The decision was made in a unanimous vote by the CCG's governing body on 17 January, in a bid to reduce costs by an estimated £147,500 a year.
The Oldham Times reported that Majid Hussain, chairman of CCG Oldham, told the governing body meeting: 'If we don't cut this then something else is going to be cut. The bottom line is we've still got to save this amount of money from somewhere.'
The decision is of particular note for Oldham because in 1978 it was the birthplace of the world's first IVF baby, Louise Brown.
The vote followed a public consultation on the IVF service in Oldham, in which almost 75 percent of the 250 respondents preferred to keep the offer of three cycles.
'It became very clear to us that there was no support for removing the service completely,' Dr John Patterson, the chief clinical officer of NHS Oldham CCG, told the meeting. 'However, by moving to fund one cycle we can continue to make sure this valuable treatment is available to all Oldham couples.'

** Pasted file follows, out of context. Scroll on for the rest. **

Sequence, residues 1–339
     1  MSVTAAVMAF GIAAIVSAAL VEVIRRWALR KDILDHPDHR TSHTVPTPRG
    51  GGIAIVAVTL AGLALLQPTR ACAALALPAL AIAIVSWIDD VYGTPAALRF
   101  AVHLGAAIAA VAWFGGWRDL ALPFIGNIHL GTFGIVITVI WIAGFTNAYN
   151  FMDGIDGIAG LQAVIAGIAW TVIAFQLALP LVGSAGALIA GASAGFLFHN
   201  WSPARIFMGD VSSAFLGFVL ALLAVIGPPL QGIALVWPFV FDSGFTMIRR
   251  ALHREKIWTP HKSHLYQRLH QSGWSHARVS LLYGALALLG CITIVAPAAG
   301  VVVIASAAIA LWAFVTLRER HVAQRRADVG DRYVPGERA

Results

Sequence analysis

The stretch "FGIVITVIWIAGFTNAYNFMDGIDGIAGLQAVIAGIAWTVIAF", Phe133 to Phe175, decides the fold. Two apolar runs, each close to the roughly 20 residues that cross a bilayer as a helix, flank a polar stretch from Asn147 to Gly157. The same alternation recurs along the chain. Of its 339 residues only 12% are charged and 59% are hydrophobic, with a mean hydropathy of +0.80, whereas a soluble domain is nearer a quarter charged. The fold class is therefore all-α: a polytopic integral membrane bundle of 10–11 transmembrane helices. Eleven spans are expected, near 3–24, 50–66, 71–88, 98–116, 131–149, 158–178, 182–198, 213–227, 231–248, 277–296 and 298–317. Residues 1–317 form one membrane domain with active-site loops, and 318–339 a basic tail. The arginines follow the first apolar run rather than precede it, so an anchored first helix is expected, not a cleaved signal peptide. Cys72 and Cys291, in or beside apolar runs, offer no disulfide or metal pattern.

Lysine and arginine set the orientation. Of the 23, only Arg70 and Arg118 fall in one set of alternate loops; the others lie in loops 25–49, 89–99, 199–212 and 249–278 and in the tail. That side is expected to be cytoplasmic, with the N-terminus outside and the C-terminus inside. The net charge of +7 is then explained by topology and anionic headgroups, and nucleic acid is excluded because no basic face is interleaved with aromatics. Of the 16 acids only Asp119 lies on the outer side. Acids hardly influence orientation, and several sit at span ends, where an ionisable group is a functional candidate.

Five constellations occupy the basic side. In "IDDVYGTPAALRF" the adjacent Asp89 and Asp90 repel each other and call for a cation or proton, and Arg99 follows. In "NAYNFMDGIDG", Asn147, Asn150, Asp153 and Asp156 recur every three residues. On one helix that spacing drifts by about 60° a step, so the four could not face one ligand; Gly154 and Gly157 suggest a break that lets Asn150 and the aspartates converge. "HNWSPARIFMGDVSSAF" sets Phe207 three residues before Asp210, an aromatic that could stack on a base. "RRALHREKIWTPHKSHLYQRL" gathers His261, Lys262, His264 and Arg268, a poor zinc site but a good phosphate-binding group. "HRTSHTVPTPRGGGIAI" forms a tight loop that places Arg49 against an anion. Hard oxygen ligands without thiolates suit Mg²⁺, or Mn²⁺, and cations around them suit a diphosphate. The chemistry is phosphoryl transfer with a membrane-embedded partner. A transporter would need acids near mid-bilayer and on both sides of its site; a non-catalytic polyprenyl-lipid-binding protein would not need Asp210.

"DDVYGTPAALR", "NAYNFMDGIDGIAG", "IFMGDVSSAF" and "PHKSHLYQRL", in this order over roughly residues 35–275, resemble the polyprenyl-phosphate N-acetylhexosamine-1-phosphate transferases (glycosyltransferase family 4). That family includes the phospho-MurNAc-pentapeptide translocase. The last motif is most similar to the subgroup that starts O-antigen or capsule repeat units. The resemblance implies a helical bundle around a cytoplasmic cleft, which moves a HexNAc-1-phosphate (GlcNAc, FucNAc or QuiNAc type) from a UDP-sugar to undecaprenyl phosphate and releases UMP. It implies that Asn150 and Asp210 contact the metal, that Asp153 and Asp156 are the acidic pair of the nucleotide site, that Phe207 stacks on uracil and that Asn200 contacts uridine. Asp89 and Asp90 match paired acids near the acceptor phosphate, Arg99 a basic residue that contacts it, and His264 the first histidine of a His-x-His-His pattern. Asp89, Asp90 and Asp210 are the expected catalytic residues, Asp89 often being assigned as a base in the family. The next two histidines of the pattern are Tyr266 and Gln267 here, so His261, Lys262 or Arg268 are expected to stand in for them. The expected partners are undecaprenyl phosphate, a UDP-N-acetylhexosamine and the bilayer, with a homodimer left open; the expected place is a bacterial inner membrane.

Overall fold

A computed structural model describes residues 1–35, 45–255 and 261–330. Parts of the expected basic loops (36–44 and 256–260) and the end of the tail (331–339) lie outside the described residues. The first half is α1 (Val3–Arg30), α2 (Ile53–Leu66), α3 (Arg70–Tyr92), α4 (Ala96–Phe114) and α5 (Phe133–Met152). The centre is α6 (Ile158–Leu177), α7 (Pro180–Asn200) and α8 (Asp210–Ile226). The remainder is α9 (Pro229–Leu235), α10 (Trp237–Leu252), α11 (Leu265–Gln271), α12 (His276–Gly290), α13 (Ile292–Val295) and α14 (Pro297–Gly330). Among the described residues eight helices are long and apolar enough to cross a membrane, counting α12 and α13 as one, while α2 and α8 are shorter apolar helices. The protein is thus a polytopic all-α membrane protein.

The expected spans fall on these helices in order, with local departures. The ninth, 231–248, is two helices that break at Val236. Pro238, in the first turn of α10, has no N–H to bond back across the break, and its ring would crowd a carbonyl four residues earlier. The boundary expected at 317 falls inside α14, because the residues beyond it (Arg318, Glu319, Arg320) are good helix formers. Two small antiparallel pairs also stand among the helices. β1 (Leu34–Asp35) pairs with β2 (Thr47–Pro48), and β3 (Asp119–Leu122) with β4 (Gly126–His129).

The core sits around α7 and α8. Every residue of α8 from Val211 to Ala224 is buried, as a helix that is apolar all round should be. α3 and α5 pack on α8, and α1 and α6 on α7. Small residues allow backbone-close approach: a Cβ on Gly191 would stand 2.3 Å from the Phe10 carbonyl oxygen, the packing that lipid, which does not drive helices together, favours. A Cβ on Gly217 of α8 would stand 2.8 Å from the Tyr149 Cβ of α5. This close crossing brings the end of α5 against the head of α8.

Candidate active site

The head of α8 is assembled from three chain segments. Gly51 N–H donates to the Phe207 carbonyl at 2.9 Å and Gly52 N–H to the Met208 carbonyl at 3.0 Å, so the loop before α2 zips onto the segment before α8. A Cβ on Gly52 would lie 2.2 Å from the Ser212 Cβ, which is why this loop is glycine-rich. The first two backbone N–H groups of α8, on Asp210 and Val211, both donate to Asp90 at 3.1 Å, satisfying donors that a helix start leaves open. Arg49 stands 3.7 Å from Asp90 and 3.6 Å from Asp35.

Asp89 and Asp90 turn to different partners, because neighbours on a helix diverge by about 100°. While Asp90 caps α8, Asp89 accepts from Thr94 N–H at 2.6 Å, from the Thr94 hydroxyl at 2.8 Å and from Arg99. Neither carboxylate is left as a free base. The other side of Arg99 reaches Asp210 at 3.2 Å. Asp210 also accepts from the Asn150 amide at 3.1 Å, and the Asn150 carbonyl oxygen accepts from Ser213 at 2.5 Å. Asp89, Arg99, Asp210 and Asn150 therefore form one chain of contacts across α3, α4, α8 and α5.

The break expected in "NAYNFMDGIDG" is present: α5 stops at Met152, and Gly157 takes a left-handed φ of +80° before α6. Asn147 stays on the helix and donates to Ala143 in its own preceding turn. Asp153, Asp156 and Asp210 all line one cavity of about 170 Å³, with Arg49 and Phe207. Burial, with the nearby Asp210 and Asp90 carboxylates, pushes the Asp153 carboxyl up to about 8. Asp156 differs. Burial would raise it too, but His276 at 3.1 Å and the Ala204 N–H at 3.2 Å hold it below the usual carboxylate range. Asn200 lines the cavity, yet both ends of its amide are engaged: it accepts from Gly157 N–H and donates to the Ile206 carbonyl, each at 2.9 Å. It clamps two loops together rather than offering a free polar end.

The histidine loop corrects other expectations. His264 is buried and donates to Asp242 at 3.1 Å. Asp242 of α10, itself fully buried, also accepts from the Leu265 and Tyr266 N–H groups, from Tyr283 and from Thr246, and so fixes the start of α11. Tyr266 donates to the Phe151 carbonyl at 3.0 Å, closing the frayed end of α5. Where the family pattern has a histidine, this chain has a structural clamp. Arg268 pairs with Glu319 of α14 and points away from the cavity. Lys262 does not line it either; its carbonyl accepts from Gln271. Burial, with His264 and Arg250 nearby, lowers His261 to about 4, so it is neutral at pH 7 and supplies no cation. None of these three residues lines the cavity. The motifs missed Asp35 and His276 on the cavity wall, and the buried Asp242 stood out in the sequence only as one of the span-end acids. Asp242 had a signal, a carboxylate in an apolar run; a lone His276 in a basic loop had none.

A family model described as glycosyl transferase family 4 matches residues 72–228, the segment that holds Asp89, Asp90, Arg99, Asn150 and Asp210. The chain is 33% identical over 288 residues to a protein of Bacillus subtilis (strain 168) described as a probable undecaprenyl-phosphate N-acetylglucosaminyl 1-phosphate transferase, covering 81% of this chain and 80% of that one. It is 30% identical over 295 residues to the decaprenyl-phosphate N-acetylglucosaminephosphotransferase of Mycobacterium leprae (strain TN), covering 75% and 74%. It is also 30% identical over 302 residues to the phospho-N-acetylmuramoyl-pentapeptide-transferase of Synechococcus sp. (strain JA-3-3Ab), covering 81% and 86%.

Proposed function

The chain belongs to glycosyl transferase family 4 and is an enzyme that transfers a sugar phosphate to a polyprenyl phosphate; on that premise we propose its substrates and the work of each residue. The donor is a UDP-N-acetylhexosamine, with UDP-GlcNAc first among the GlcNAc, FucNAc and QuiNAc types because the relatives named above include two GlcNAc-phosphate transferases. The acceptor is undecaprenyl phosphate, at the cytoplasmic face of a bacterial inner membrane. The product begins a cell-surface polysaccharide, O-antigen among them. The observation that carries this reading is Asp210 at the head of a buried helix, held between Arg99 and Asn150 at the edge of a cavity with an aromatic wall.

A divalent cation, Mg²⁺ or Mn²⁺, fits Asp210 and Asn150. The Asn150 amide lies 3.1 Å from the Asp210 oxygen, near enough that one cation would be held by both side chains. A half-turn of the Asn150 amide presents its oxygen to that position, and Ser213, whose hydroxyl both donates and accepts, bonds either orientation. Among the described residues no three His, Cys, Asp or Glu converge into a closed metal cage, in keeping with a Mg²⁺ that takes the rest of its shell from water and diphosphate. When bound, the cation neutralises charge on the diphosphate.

Dr Patterson added that a single cycle continues to offer multiple chances to conceive. 'One cycle can mean five to eight chances to have a baby, not one chance because all those eggs can be used in that one funded cycle,' said Dr Patterson.
In 2004, the NICE (National Institute for Health and Care Excellence) recommended that women under the age of 40 who have been trying to conceive for more than two years should be offered three cycles of IVF. However, a study by the campaign group Fertility Fairness found that 12 percent of CCGs offered only one cycle in 2017 – halved from 24 percent in 2013.
Representatives at the meeting noted that certain patients in Oldham may still be able to receive three cycles of treatment through an individual application for funding with an Effective Use of Resources (EUR) application.
Last year nearby Bury CCG also cut IVF provision from three cycles to one (see BioNews 969), while eight CCGs across Lancashire and South Cumbria reduced their services to one cycle (see BioNews 974).